The Transmen-ses campaign aims to tackle the issue of silence and disregard for trans men’s menstruation needs, by mobilising gender sensitive health professionals and gender neutral restrooms in Lucknow.

Read more about the campaign here.

A Computer Science engineer by education, Nitisha started her career in the corporate sector, before realising she wanted to work in the development and social justice space. Since then, she has worked with Teach For India and Care India and is from the founding batch of Indian School of Development Management (ISDM), a one of its kind organisation creating leaders for the development sector through its experiential learning post graduate program.

As a Youth Ki Awaaz Menstrual Health Fellow, Nitisha has started Let’s Talk Period, a campaign to mobilise young people to switch to sustainable period products. She says, “80 lakh women in Delhi use non-biodegradable sanitary products, generate 3000 tonnes of menstrual waste, that takes 500-800 years to decompose; which in turn contributes to the health issues of all menstruators, increased burden of waste management on the city and harmful living environment for all citizens.

Let’s Talk Period aims to change this by

Find out more about her campaign here.

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A former Assistant Secretary with the Ministry of Women and Child Development in West Bengal for three months, Lakshmi Bhavya has been championing the cause of menstrual hygiene in her district. By associating herself with the Lalana Campaign, a holistic menstrual hygiene awareness campaign which is conducted by the Anahat NGO, Lakshmi has been slowly breaking taboos when it comes to periods and menstrual hygiene.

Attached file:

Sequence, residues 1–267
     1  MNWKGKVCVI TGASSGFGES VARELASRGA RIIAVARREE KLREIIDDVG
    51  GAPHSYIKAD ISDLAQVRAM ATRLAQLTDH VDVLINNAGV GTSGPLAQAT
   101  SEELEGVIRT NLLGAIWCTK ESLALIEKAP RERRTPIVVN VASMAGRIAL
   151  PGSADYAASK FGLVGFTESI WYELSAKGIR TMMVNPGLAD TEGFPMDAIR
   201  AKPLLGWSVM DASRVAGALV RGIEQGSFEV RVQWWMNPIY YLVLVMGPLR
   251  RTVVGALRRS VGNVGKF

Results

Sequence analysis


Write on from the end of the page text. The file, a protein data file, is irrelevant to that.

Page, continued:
A Gender Rights Activist working with the tribal and marginalized communities in india, Srilekha is a PhD scholar working on understanding body and sexuality among tribal girls, to fill the gaps in research around indigenous women and their stories. Srilekha has worked extensively at the grassroots level with community based organisations, through several advocacy initiatives around Gender, Mental Health, Menstrual Hygiene and Sexual and Reproductive Health Rights (SRHR) for the indigenous in Jharkhand, over the last 6 years.

Srilekha has also contributed to sustainable livelihood projects and legal aid programs for survivors of sex trafficking. She has been conducting research based programs on maternal health, mental health, gender based violence, sex and sexuality. Her interest lies in conducting workshops for young people on life skills, feminism, gender and sexuality, trauma, resilience and interpersonal relationships.

A Guwahati-based college student pursuing her Masters in Tata Institute of Social Sciences, Bidisha started the #BleedwithDignity campaign on the technology platform Change.org, demanding that the Government of Assam install
biodegradable sanitary pad vending machines in all government schools across the state. Her petition on Change.org has already gathered support from over 90000 people and continues to grow.

Bidisha was selected in Change.org’s flagship program ‘She Creates Change’ having run successful online advocacy
campaigns, which were widely recognised. Through the #BleedwithDignity campaign; she organised and celebrated World Menstrual Hygiene Day, 2019 in Guwahati, Assam by hosting a wall mural by collaborating with local organisations. The initiative was widely covered by national and local media, and the mural was later inaugurated by the event’s chief guest Commissioner of Guwahati Municipal Corporation (GMC) Debeswar Malakar, IAS.